Association of inbreeding and regional equine leucocyte antigen homozygosity with the prevalence of insect bite hypersensitivity in Old Kladruber horse
|Cathegory||Scientific publication in impacted journals|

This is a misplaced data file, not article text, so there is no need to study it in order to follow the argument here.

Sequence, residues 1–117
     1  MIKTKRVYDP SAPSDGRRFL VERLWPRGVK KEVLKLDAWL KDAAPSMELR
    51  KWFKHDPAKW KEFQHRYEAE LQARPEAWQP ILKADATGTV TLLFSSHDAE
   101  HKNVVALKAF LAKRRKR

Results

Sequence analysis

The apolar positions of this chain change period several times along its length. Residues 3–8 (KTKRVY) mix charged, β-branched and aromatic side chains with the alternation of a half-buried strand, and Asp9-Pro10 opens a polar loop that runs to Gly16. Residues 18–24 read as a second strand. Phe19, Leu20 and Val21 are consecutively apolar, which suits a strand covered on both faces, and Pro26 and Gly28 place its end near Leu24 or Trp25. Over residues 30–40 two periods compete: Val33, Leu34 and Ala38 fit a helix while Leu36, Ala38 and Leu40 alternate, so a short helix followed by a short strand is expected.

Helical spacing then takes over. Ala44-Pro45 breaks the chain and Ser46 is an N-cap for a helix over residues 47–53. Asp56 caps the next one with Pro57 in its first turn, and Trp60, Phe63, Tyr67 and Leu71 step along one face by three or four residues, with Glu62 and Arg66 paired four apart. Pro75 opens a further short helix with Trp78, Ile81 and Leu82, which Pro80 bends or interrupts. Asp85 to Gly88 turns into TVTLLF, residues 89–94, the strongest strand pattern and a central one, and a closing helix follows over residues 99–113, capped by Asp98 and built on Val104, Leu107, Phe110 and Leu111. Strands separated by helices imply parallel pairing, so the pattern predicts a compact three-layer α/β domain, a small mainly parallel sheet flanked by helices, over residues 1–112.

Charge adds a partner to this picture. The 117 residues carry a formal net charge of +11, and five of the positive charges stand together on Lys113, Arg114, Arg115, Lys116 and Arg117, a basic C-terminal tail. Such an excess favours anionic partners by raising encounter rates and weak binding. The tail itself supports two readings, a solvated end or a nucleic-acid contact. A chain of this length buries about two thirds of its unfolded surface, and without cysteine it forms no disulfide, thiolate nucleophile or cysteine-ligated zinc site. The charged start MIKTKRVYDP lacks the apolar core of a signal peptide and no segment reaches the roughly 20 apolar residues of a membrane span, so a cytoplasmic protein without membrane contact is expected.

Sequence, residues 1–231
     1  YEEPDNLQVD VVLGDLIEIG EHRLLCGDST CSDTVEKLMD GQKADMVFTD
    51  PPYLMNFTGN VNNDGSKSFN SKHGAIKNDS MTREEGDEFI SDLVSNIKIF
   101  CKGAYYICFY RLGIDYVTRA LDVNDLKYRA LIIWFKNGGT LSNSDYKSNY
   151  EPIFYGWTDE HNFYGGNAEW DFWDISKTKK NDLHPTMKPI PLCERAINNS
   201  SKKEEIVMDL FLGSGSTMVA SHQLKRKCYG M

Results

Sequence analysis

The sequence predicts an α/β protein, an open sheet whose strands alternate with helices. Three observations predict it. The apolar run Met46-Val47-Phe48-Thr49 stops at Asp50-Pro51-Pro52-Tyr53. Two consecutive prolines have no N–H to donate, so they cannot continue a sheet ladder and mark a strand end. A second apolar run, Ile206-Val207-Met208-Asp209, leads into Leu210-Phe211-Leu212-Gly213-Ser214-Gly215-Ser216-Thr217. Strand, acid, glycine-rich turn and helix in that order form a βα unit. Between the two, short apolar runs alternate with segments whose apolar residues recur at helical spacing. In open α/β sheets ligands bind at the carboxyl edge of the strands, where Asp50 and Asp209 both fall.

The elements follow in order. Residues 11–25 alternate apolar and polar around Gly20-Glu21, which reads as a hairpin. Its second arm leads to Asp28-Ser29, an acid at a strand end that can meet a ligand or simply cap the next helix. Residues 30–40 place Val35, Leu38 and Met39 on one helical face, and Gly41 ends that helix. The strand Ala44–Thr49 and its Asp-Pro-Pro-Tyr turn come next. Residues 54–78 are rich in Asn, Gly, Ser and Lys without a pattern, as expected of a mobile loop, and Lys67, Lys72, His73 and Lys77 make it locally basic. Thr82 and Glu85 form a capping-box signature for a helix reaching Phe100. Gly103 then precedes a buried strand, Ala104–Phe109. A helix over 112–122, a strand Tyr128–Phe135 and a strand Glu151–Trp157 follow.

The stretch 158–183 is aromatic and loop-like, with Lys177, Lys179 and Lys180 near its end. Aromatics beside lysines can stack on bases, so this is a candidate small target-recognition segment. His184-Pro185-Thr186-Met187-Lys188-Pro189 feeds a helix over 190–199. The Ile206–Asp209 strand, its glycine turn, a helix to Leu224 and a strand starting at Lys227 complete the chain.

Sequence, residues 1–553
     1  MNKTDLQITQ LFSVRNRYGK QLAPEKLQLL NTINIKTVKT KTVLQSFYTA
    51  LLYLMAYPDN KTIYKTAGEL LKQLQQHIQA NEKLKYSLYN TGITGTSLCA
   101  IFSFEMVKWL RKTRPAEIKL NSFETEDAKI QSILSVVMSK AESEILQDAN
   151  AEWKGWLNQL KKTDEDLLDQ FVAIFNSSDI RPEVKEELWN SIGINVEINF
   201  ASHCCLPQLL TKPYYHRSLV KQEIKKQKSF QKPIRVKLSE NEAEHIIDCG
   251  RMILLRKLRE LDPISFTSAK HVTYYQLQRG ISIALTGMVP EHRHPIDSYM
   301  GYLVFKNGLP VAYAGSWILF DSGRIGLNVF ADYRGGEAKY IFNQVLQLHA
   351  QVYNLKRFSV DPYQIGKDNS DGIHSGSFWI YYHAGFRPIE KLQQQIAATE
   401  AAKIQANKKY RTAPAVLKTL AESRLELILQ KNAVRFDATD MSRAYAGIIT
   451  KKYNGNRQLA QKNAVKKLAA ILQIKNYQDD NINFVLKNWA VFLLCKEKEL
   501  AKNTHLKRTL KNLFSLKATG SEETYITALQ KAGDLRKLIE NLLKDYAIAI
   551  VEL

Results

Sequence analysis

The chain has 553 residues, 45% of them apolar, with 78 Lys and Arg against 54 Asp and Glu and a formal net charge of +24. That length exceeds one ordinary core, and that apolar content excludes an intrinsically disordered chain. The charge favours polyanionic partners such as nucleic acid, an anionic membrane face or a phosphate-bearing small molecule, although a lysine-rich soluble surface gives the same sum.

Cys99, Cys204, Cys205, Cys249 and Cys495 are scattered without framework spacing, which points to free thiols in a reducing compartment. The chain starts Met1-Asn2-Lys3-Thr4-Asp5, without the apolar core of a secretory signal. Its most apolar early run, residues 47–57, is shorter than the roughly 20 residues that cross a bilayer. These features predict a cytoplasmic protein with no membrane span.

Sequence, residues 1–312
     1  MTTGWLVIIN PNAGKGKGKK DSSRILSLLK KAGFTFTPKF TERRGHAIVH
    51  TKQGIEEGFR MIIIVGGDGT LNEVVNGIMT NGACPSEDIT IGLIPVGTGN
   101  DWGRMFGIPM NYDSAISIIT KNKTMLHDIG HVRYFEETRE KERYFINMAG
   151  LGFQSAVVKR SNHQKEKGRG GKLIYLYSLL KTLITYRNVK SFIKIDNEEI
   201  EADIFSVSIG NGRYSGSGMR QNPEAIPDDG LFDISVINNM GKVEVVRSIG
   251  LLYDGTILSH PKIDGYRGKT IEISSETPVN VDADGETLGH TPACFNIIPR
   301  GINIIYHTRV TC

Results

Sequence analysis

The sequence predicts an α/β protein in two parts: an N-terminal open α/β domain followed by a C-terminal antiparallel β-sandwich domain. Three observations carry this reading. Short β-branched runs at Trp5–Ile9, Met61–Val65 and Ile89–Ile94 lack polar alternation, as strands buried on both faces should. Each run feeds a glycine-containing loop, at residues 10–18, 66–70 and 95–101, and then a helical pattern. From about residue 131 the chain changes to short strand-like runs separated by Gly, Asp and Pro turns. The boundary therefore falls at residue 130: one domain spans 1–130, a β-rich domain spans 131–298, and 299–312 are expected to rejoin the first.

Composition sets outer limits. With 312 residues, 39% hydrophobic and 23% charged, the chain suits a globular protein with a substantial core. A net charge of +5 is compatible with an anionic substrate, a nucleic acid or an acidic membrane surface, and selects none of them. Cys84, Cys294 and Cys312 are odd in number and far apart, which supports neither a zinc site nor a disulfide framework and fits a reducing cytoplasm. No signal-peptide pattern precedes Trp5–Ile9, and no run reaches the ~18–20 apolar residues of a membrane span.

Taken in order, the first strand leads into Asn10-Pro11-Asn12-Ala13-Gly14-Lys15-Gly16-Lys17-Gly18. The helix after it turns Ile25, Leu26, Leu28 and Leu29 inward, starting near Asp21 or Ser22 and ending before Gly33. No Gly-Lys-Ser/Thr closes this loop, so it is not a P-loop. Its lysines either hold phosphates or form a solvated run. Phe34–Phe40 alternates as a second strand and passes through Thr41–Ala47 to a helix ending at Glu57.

Inbreeding depression is the reduction of performance caused by mating of close relatives. In livestock populations, inbreeding depression has been traditionally estimated by regression of phenotypes on pedigree inbreeding coefficients. This estimation can be improved by utilising genomic inbreeding coefficients. Here we estimate inbreeding depression for insect bite hypersensitivity (IBH) prevalence, the most common allergic horse disease worldwide, in Old Kladruber horse. In a deep pedigree with 3214 horses (187 genotyped), we used a generalised linear mixed model with IBH phenotype from 558 horses examined between 1996 and 2009 (1368 records). In addition to the classical pedigree information, we used the single-step approach that enabled joint use of pedigree and genomic information to estimate inbreeding depression overall genome and equine leucocyte antigen (ELA) class II region. Significant inbreeding depression was observed in all models fitting overall inbreeding coefficients (odds ratio between 1.018 and 1.074, P < 0.05) with the exception of Kalinowski's new inbreeding (P = 0.0516). The increase of ELA class II inbreeding was significantly associated with increased prevalence of IBH (odds ratio 1.018; P = 0.027). However, when fitted jointly with the overall inbreeding coefficient, the effect of ELA class II inbreeding was not significant (odds ratio 1.016; P = 0.062). Overall, the higher ELA class II and/or overall inbreeding (pedigree or genomic) was associated with increased prevalence of IBH in Old Kladruber horses. The single-step approach provides an efficient use of all the available pedigree, genomic, and phenotype information for estimation of overall and regional inbreeding effects.
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